Ask an Attorney: Electronic Exchange of HIPAA-Protected Information
My general practice partner and I have noticed a sharp increase in the number of patients who wish to communicate by email or text. What concerns should we have about this electronic exchange of HIPAA-protected information?
Smart phone technology, and its recent meteoric rise in use, has provided a completely new platform for care providers and patients to communicate. Whether texting or emailing, these electronic mediums allow physicians to treat more patients than actually walk through the door, and enables patients to provide symptoms and information, and receive treatment recommendations, in real-time without the delay or “inconvenience” of the traditional callback, page, or in-office visit.
Notwithstanding these advantages, physicians must be cognizant of the requirements under HIPAA and the HITECH Act (together, HIPAA) when they or their staff email or text with patients. A practice’s failure to protect the personal health information (PHI) of its patients could result in significant HIPAA penalties. The security rules under HIPAA relating to electronic PHI require care providers and their business associates to implement appropriate physical, administrative, and technical safeguards to ensure the confidentiality, integrity, and availability of all electronic PHI they create, receive, maintain, or transmit. Aside from just making sure such communication is made part of a patient’s chart, this includes conducting risk analyses, securing network servers in locked locations, training staff, shielding screens from unauthorized viewers, implementing secure passwords, and encrypting messages sent and received.
The Office of the National Coordinator for Health Information Technology (ONC) has outlined five steps for care providers to help manage the secure use of mobile devices. First, a provider, practice, or organization must decide whether mobile devices will be used to access, receive, transmit, or store patients’ health information. Next, a risk assessment that analyzes the threats and weaknesses of the personal health information being maintained should be conducted. Although the size of an organization, and the complexity and reach of its practice, will determine the methods used, all providers are required to conduct an appropriate risk analysis. Third, a mobile device risk management strategy which includes security and privacy protections should be created. This may include the use of third-party messaging solutions to ensure a secure communication platform for texting or emailing on approved, password-protected mobile devices, including those personally-owned by staff, and the safe disposal of those devices. Mobile device policies and procedures must then be created and implemented throughout the practice. Finally, in-service privacy and security training for all medical staff must be provided. This requires being vigilant of changes in the regulatory landscape, which may include additional guidance from ONC and the enforcement of electronic communications-related HIPAA violations. For more information, visit: www.healthit.gov/providers-professionals/fivesteps-organizations-can-take-manage-mobile-devices-used-health-care-pro.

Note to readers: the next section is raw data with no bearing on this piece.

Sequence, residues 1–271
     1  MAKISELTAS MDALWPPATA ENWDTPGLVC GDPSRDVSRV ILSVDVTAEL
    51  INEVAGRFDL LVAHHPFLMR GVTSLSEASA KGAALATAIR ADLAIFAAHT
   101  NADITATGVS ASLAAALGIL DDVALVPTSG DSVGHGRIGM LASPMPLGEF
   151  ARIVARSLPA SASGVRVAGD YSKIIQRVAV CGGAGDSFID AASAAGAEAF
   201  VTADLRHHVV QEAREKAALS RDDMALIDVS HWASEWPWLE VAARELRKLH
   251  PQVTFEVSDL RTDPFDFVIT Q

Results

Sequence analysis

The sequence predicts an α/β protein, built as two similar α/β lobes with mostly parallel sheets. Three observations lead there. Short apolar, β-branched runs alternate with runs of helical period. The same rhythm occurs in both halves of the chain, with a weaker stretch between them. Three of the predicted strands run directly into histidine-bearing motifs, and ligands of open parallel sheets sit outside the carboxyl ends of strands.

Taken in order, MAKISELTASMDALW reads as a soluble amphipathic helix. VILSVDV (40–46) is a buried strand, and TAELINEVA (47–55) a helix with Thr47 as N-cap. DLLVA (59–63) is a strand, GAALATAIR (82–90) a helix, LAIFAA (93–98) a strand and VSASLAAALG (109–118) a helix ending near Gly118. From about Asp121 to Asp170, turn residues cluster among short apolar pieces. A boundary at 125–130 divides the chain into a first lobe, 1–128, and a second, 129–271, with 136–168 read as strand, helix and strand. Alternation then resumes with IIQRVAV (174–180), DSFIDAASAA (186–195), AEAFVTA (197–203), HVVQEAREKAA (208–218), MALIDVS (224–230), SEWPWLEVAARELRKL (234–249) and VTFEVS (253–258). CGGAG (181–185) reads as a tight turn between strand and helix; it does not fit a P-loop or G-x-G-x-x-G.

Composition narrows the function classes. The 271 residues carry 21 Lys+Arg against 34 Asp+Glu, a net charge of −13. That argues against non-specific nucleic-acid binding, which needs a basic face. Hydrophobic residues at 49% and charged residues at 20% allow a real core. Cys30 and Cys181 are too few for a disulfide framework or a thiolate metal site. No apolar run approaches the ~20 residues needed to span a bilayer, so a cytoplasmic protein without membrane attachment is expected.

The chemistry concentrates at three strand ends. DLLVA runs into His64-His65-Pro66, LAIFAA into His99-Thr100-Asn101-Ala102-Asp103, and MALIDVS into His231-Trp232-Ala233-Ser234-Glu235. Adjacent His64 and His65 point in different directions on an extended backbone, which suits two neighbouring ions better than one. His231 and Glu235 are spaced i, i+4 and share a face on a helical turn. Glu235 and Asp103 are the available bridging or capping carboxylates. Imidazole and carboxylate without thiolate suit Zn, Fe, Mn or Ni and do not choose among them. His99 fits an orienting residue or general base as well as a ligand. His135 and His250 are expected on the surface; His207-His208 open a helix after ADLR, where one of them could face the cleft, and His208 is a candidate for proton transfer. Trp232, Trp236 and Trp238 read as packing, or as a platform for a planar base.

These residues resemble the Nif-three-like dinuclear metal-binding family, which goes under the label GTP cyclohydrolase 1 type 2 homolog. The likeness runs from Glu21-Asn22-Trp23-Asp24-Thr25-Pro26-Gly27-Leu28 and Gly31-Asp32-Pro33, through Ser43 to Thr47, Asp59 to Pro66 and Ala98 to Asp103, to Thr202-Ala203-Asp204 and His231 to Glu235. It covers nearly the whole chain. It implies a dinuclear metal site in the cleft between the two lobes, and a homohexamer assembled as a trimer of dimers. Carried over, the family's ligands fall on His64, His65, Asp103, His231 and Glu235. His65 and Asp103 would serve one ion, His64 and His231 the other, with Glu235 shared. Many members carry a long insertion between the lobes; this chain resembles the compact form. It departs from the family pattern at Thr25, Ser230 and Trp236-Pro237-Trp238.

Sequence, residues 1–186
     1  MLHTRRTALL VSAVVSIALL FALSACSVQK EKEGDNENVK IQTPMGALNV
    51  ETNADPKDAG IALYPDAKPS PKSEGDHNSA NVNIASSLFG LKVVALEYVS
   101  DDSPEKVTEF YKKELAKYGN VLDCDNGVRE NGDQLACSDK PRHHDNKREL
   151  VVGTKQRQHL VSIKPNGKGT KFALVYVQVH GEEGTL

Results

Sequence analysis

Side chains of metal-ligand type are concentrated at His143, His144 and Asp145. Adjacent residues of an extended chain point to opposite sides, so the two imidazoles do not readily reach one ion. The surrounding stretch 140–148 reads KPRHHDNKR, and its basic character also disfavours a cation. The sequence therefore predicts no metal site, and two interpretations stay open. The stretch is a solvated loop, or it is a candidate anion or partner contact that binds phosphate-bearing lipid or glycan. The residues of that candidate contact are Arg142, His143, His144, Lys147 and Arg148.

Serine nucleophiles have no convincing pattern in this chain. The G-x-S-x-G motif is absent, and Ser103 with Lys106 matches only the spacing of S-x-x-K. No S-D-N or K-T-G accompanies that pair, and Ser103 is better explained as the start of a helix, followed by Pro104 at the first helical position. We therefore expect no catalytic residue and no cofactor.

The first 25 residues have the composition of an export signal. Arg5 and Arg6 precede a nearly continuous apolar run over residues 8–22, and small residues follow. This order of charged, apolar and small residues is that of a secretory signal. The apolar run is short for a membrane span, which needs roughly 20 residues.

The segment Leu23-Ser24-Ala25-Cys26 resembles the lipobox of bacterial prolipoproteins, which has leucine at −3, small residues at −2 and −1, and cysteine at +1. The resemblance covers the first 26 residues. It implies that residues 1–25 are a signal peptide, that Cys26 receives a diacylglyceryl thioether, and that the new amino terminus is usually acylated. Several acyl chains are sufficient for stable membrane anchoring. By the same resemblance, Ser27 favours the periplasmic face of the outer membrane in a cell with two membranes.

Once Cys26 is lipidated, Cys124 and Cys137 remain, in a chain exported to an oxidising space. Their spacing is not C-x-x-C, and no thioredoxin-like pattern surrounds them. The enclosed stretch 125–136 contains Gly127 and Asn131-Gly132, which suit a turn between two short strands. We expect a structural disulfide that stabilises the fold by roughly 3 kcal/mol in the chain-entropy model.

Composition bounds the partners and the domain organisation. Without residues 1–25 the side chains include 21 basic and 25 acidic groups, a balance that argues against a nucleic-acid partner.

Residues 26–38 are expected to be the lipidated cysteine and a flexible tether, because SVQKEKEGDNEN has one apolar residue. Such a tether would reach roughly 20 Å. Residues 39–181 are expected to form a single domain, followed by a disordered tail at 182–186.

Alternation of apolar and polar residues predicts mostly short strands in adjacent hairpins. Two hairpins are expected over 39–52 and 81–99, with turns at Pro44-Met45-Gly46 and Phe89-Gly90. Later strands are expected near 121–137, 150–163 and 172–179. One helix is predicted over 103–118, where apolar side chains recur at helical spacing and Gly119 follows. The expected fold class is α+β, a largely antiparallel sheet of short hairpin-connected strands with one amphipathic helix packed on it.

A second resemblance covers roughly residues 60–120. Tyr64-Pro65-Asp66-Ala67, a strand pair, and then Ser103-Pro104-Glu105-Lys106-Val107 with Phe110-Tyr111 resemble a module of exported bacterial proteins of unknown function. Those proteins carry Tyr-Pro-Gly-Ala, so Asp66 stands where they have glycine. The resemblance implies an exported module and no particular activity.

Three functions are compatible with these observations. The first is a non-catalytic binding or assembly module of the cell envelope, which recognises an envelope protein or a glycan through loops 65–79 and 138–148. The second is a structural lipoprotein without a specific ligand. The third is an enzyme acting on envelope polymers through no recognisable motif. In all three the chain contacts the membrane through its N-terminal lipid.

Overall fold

The advent of the digital age and recent technological advances in electronic communication has forever changed how care providers interface and treat patients. This provides significant opportunities for physicians and their staff to render more efficient, high-quality care to more people, but it’s imperative to first understand and implement HIPAArequired safeguards to protect patients’ health information.
As always, if you have any questions, please feel free to contact us here or call us at 585.258.2800.